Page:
Healthorganizations should strive to employ on site nurse ethicists as wellas other professionals in ethics that nurses and clinicians canconfidently seek valuable information in regards to nursing ethics.These specialists are crucial in helping the nurses refocus andreflect on ethical dilemmas such as assisted suicide. Ethicists helpnurses and patients in gaining the right perceptive and a clearcomprehending of their choices. Additionally, ethics mentors are keyplayers in restoring hope to patients and giving nurses moralsupport. This greatly aids in reducing the cases of assisted murdersince most patients and nurses who engage in this vice are justmentally stressed and not necessarily due to suffering caused by theillness. This resolution can be clearly ascertained through aninterview with a health worker in Texas medical center who said thatnurses need moral support and guidance in their work. He articulatedthat assisted suicide has been an awfully prevalent vice in Texasmedical organization over the years whereby the center recordedapproximately eighty cases every year. However, the health workerconfirmed that after Texas embarked on employing ethics professionalsto guide nurses on the issue, suicide euthanasia has been completelyeliminated from the center (Personal communication, August 17, 2015).This is clear evidence that ethicists are able to identify ethicalconflicts early enough and therefore address the conflicts from theperspective of preventive ethics.

Thirdly,nurses counseling services are a major resolution to assisted suicideethical dilemma. Nurses troubled by assisted euthanasia benefit a lotfrom counseling sessions. It is evident that in many societies, thedignity of life is highly valued and societies believe that no onehas the right to take his or her own life or even another person’slife. This implies that when confronted by assisted suicide dilemma,some nurses may be greatly troubled and affected psychologically afactor that would even adversely affect their work. The health workerinterviewed asserted that Texas medical center has also initiatedguidance and counseling departments where nurses can be counseled onassisted suicide as a way of helping them refocus on their personalvalues and morals (Personal communication, August 17, 2015).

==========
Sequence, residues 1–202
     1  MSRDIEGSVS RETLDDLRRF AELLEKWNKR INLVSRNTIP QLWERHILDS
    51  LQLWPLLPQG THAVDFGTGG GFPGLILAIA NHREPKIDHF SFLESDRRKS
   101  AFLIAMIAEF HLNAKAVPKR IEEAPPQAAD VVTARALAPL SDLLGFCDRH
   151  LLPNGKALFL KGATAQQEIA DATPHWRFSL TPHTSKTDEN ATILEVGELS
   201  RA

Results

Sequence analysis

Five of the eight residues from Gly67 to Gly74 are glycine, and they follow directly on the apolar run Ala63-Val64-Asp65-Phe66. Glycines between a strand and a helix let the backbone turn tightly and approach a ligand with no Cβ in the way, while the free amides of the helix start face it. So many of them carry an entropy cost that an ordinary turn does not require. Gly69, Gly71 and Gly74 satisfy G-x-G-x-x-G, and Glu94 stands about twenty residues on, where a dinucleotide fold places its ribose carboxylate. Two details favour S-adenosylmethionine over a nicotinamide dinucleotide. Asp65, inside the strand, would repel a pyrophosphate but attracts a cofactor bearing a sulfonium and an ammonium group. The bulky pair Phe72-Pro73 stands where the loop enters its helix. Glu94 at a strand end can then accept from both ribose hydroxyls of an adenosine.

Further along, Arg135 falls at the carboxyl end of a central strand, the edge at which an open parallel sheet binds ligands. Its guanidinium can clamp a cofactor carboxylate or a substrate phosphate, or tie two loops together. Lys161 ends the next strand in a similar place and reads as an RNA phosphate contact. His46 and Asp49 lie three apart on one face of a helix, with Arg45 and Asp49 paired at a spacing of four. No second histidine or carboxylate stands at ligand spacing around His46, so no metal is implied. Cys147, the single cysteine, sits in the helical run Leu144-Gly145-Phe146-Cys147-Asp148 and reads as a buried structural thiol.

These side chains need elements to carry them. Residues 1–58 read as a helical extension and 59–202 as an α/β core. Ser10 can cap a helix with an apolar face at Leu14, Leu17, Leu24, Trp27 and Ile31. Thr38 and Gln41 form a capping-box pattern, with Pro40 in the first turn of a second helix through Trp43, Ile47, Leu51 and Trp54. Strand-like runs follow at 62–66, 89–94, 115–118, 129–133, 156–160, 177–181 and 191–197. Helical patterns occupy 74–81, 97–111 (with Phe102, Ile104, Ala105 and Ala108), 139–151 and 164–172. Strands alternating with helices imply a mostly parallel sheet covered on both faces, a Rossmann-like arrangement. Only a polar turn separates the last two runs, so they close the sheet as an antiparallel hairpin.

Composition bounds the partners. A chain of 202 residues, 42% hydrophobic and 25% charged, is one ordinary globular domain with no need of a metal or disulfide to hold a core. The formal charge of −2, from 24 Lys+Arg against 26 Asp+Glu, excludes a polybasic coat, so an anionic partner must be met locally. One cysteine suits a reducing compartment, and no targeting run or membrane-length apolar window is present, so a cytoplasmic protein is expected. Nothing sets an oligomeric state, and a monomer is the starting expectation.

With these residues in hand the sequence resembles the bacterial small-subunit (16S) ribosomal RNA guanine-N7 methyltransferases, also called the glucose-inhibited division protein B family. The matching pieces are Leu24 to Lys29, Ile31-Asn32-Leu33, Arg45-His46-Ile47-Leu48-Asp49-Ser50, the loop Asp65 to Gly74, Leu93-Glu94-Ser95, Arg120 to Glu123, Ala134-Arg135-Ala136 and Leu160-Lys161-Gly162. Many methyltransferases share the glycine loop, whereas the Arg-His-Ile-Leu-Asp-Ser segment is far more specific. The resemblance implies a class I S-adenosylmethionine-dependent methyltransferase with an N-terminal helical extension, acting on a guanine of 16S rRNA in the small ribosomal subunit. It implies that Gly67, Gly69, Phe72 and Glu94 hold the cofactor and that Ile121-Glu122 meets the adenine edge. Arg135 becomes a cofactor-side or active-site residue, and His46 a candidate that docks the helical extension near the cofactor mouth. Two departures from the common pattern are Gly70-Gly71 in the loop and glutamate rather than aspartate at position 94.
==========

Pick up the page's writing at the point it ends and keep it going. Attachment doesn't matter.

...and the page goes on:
Moreover,creating a healthcare setting where nurses can speak up and sharetheir experiences is a vital factor in eliminating assisted suicideas an ethical dilemma. Partnering with other health organizationsprovides avenues where nurses can share their work experiences indiverse settings. Through speaking up, nurses come up with unanimoussolutions on the whole notion of physician assisted deaths. Thehealth administrator Banner center validated this assertion by sayingthat Banner has partnered with centers such as Cleveland clinic, Mayoclinic and also Marshfield health center in a bid to solve ethicalconflicts. Through these partnerships, nurses and medicalpractitioners hold forums where they can share on the issues andchallenges facing them in the nursing practice.

Inaddition, offering spiritual nourishment is a notable resolution inaddressing assisted suicide. Religious discords contend that it isonly the deities that people believe in that are supposed to take thelife of people. People live to fear and respect these supreme beings.Imparting patients as well as nurses with religious norms istherefore a vital step in eliminating assisted suicide (Mark, 2009).The interviewed spiritual leader postulated that when people believereligious doctrines, then they will live to uphold the dignity oflife .Since committing suicide is an abominable sin that sends one tohell, the religious connotations of hell will thus prevent patientsand nurses from assisted suicide (personal communication, August 17,2015). Another interviewee was my close friend whose relative hadrequested her doctor for assisted suicide a year ago. Luckily, thedoctor declined and after sessions of counseling, moral support andspiritual nourishment the patient underwent medication and she isapparently healthy and performing her tasks excellently.

References

Mark,F.(2009).Physicianassisted suicide: religious perspectives on Death with Dignity.Wheatmark,Inc.

Michael,B.(1998).Assisted suicide :Legal,medical, ethical and social issues.Diane publishers.

Neil,M.(2009).Thefuture of assisted suicide and Euthanasia.Princeton university press.